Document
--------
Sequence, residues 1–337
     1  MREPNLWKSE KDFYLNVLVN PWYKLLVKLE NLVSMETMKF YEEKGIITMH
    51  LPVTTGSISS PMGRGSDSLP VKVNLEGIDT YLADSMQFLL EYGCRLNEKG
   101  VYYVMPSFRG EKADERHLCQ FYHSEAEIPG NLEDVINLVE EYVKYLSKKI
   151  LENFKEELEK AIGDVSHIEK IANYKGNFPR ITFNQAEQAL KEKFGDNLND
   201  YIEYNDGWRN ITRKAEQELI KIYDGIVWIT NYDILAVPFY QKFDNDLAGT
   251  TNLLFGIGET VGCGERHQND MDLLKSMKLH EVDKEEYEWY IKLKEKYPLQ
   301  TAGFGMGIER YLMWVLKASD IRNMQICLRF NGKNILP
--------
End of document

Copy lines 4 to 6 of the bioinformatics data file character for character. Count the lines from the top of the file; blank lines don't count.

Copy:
   101  VYYVMPSFRG EKADERHLCQ FYHSEAEIPG NLEDVINLVE EYVKYLSKKI
   151  LENFKEELEK AIGDVSHIEK IANYKGNFPR ITFNQAEQAL KEKFGDNLND
   201  YIEYNDGWRN ITRKAEQELI KIYDGIVWIT NYDILAVPFY QKFDNDLAGT